Through the Torii

Through the Torii
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Artikel-Nr:
9780243742905
Veröffentl:
2017
Seiten:
0
Autor:
Yone Noguchi
eBook Typ:
PDF
eBook Format:
Reflowable
Kopierschutz:
NO DRM
Sprache:
Englisch
Beschreibung:

Whilst the greatest effort has been made to ensure the quality of this text, due to the historical nature of this content, in some rare cases there may be minor issues with legibility. The noisy time has slipped away even gracefully at Kyoto. (i see that it - the bar barian of modem type - has still a certain amount of etiquette in Japan.) Content is so natural and even becoming here (at other places it is almost outlandish and at the same time the most expensive thing to acquire), when one passes through the dustless streets of Kyoto, where the little houses with moss-eaten dark tiles humbly beg for their temporary existence on promise not to disturb the natural harmony with the green mountains and the temples that the holy spirits built. How different from the foreign houses, red or white, seeming even to push away the old-fashioned Nature With vain splenduor of scorn. The Kyoto people, the moth-spirits or butterfly-ghosts, are born for pleasure-making, and to sip the tea. I say pleasure-making, but not in the modern mean ing; the modern pleasure-making is rather a forced production of criticism, therefore often Oppressive and always explanatory in attitude. I say they sip the tea; I do not mean the blacktea or the red tea which the Western people drink, calling it Oriental tea; but I mean that pale green tea, so mild that it does not kill the taste of boiled water. It is the high art of the tea-master to make you really taste the water beside the taste of the tea; he is very particular about the water when he is going to make the tea; I am told that his keen tongue at once differentiates the waters from a well or a stream, and he can distinguish even the season from the taste of the water, whether it be Spring or autumn. He always laughs at the attempt to make tea with the ready water from a screw in the kitchen, which most unpoetically comes through the tube from a certain reservoir. We do not call you a real tea-drinker when you think you only drink the tea; you must really taste the fragrance and spirits of tender leaves of a living tea-tree, which grew by accident and fortune under a particular sun light and rain. And, of course, more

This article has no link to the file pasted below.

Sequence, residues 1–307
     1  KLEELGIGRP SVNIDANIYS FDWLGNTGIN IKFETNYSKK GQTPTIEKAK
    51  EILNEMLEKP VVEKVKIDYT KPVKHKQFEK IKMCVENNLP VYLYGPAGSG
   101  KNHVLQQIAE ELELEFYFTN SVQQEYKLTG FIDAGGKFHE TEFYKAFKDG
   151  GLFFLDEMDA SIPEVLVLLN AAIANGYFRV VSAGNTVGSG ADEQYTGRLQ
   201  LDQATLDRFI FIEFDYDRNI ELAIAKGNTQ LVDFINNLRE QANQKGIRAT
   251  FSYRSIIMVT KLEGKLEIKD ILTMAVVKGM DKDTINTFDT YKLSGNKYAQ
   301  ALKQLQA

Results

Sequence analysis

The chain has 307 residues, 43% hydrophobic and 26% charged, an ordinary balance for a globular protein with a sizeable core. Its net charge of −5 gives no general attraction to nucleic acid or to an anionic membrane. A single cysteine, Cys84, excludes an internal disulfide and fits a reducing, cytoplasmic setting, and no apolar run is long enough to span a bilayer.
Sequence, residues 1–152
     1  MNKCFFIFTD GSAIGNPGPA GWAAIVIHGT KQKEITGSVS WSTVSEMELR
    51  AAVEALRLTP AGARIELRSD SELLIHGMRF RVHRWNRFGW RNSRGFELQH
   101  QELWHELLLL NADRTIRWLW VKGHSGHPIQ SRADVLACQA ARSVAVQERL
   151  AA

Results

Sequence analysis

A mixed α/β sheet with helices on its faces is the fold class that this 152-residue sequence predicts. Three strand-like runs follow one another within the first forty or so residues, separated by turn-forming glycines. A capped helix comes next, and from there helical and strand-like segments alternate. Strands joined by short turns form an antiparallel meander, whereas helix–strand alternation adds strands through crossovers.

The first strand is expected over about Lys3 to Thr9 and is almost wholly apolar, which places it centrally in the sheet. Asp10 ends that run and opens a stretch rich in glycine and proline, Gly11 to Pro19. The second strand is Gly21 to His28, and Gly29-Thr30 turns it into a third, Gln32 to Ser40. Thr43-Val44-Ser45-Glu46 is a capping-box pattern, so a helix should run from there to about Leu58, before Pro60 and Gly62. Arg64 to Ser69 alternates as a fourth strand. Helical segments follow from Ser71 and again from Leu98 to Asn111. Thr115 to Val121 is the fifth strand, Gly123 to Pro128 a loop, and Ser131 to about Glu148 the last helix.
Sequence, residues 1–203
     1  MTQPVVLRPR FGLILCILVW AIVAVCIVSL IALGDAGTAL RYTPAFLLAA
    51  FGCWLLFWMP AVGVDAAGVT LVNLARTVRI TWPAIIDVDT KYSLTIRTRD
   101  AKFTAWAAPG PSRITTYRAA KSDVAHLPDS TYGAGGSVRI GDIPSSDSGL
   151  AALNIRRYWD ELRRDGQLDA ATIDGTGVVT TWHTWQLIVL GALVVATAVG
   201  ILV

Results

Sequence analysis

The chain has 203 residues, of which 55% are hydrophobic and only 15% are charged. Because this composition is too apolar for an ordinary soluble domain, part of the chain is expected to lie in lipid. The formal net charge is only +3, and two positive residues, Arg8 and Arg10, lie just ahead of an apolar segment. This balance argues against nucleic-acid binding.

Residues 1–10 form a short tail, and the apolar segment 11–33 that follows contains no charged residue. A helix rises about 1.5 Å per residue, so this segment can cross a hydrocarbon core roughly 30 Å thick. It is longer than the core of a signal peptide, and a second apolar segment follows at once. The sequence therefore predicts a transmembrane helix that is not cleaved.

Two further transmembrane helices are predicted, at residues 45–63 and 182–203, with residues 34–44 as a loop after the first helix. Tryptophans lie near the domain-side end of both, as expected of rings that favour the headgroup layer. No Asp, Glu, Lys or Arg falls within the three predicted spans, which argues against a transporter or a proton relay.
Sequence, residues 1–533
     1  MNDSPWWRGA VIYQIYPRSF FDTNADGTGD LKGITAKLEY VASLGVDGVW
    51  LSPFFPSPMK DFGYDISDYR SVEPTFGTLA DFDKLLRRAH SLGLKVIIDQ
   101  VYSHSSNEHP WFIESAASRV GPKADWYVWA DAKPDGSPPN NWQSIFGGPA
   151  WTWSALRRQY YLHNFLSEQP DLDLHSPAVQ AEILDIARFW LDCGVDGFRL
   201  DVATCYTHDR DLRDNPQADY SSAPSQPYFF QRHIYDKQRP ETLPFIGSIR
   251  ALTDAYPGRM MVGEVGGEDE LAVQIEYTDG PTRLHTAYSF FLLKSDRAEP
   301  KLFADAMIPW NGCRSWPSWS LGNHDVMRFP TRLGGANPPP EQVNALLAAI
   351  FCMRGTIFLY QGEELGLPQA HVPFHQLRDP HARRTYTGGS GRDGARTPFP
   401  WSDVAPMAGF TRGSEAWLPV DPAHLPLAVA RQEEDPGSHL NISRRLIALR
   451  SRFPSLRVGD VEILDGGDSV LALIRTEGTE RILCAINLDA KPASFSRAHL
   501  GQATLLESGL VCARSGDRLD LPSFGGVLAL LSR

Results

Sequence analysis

The noisy time has slipped away even gracefully at Kyoto. (i see that it — the bar barian of modem type — has still a certain amount of etiquette in Japan.) Content is so natural and even becoming here (at other places it is almost outlandish and at the same time the most expensive thing to acquire), when one passes through the dustless streets of Kyoto, where the little houses with moss-eaten dark tiles humbly beg for their temporary existence on promise not to disturb the natural harmony with the green mountains and the temples that the holy spirits built. How different from the foreign houses, red or white, seeming even to push away the old-fashioned Nature With vain splenduor of scorn. The Kyoto people, the moth-spirits or butterfly-ghosts, are born for pleasure-making, and to sip the tea. I say pleasure-making, but not in the modern mean ing; the modern pleasure-making is rather a forced production of criticism, therefore often Oppressive and always explanatory in attitude. I say they sip the tea; I do not mean the blacktea or the red tea which the Western people drink, calling it Oriental tea; but I mean that pale green tea, so mild that it does not kill the taste of boiled water. It is the high art of the tea-master to make you really taste the water beside the taste of the tea; he is very particular about the water when he is going to make the tea; I am told that his keen tongue at once differentiates the waters from a well or a stream, and he can distinguish even the season from the taste of the water, whether it be Spring or autumn. He always laughs at the attempt to make tea with the ready water from a screw in the kitchen, which most unpoetically comes through the tube from a certain reservoir. We do not call you a real tea-drinker when you think you only drink the tea; you must really taste the fragrance and spirits of tender leaves of a living tea-tree, which grew by accident and fortune under a particular sun light and rain. And, of course, more than that, you must learn how to sip the tea philosoph ically; I mean that you must taste, through the medium of a teacup, the general atmosphere, grey and silent. And there is no better placethan Kyoto, the capital of the mediaeval, to drink tea as a real tea-sipper.

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